Succession creator Jesse Armstrong, in a podcast that recapped the first episode of season four, said that sometimes he thinks, “maybe this show is just about Shiv and Tom.” Armstrong said their relationship often veers back and forth between something romantic and something more transactional.
That veering was never more present than in the series finale. The episode started with Shiv in the driver’s seat to be the American CEO after the deal goes through, as Roman fled to his mother’s house.
Kendall and Shiv quickly followed Roman, the hopes that Kendall can convince Roman to pull it together and vote no on the deal. Shiv tries to make the board decision more of a blowout in her favor.
Imagine if you thought either of them was just comforting their brother. Among family, the Roy siblings couldn’t think about anything more than their business pursuits.
Even their mother, Caroline, wagged their finger at them, only to bring out a friend of hers for a business pitch, supported by her now-husband, during dinner. But there was more important business to handle while the Roys were eating.
Kendall heard from Greg that Matsson had cooled on Shiv being the new CEO. After Shiv hears the news, she changes her mind about the deal, and now all Roy siblings (besides Connor who isn’t present), make an agreement to fight on the same side.
What would that side be fighting for? Shiv and Roman eventually swallowed their pride and elected Kendall as the Roy representative at the top of the company once the deal gets axed.
After the siblings made amends and agreed, we saw a rare, authentic family moment. Roman and Shiv, with a layer of sarcasm, make Kendall a meal fit for a king.
Their mother comes to the kitchen, amid all the commotion at night, and told them to be quiet. It’s been a while since they’ve looked like anything more than business associates, but here we see an actual, familial connection.
Tom’s final decision
But elsewhere, Tom is veering into the more transactional side of himself. After hearing that Matsson doesn’t know if Shiv is a good fit for American CEO — and part of the reason being that Matsson feels a sort of sexual tension with Shiv — Tom agrees that he would be ideal for the role instead.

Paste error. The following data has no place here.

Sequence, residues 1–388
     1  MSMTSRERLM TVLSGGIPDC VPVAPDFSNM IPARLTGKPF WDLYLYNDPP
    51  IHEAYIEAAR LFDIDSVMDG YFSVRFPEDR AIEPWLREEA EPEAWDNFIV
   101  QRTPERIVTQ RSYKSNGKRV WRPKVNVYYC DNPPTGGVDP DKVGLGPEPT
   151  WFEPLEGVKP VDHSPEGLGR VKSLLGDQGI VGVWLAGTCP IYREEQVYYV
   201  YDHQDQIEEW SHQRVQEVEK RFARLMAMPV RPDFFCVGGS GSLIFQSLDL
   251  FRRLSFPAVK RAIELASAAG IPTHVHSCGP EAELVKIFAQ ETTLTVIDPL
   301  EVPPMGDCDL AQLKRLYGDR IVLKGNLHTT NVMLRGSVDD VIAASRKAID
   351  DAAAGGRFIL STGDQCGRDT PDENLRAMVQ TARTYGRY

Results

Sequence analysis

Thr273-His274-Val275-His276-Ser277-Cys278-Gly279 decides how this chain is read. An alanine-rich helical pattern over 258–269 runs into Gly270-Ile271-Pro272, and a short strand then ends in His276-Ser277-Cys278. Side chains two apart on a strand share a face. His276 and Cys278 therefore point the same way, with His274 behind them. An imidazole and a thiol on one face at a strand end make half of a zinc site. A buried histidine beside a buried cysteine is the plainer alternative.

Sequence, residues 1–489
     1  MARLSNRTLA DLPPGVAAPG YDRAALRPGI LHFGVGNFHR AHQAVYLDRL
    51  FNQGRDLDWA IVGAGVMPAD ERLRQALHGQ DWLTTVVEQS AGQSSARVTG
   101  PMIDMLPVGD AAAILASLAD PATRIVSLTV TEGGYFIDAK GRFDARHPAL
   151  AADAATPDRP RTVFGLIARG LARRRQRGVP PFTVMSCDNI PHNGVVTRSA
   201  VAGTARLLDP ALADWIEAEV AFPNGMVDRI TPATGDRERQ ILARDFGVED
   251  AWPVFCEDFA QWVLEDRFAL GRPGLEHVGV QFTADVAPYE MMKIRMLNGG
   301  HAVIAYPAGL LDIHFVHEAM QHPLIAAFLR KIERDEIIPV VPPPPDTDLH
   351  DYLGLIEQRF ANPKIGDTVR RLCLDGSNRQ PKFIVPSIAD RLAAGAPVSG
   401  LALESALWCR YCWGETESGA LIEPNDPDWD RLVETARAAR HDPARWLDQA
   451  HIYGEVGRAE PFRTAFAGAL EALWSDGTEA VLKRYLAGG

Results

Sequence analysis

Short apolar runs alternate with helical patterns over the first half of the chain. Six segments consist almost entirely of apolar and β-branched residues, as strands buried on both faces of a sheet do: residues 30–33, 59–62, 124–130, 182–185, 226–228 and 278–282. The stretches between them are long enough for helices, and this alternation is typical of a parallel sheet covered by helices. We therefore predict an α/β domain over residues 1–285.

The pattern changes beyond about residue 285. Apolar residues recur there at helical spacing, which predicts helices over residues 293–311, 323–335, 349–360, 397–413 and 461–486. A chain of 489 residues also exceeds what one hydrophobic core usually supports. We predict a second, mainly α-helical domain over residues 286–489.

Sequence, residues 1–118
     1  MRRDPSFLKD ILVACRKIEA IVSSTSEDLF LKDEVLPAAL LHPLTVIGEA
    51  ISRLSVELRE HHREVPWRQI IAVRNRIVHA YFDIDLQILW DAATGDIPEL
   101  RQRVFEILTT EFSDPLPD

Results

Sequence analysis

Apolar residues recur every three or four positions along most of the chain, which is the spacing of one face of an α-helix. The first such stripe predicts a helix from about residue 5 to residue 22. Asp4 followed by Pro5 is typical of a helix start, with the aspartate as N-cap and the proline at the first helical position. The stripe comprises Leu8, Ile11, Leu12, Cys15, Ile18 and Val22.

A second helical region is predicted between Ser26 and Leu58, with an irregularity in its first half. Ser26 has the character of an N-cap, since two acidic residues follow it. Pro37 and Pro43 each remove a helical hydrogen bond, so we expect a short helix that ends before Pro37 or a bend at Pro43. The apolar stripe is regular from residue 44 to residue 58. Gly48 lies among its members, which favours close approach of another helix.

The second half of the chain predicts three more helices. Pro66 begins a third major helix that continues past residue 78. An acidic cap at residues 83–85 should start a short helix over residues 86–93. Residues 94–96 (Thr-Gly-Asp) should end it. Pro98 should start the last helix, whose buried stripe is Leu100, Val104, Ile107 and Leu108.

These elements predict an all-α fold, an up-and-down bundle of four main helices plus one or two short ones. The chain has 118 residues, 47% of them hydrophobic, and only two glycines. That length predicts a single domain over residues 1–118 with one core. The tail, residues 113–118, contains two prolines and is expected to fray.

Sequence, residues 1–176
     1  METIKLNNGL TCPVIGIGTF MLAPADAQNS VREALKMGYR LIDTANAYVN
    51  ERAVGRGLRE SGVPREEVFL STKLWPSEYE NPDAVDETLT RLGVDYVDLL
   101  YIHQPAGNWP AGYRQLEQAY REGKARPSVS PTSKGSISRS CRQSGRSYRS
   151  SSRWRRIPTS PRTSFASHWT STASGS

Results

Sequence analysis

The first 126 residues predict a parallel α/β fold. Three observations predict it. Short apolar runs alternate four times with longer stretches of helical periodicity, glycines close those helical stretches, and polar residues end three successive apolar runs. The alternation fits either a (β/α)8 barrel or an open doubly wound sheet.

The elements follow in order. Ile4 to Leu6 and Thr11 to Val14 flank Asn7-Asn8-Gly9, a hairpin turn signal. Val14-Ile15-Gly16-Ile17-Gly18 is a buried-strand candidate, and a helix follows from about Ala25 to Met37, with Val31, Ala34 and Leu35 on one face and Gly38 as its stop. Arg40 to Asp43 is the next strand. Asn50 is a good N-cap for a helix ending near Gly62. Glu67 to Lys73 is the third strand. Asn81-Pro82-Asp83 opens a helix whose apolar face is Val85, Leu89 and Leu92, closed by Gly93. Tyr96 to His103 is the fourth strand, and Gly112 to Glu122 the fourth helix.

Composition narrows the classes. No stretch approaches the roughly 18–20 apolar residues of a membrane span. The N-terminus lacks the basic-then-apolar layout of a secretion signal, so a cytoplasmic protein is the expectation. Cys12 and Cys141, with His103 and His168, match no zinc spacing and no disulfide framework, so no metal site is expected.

Now, we have seen Tom’s full progression. He went from a man who loved Shiv but also saw the benefit of her being closely related to power, to this: a man who loved power so much that he saw the benefit of betraying the mother of his child. He played it cool throughout all of Matsson’s speech, and he was rewarded.
In fact, he has played it cool throughout most of this — dealing with the cruise allegations, the drudgery, and the tongue lashings from Logan. He really hung in there.
And I don’t think he ever fully stopped loving Shiv, but I also think the more pragmatic side of him started to take over. For all the talk of money in this show, nothing else mattered besides power as the series came to a close.
Kendall and Roman are so defeated by the end, that it’d be easy for the audience to forget that the GoJo deal likely makes them filthy rich. I won’t go so far as to say it was never about money for the Roy siblings.
But I also think what money is supposed to bring them in theory, eventually eclipsed the actual money they’d be getting in practice.
Ready for war
Before the board meeting, the three Roy siblings (sorry Connor) walked into the Waystar Royco offices ready for war. Kendall looked determined, even thrilled, as he swiveled in his chair a bit at his father’s old desk.
Roman saw Jerri and succumbed to a surge of emotions. Kendall comforted him the best he could, by telling his little brother it could have easily been him to take over as CEO.
Shiv was a difficult read until the end of the board meeting. Eventually, with the board decision for the GoJo deal tied at 6 apiece, Shiv became the final and decisive vote.
Unable to make an immediate decision, she ran out of the room with Kendall and Roman predictably following after her. Shiv’s motives began to take form: she didn’t want the deal to go through, and she didn’t want Kendall to be the CEO, saying she didn’t think he would do a good job.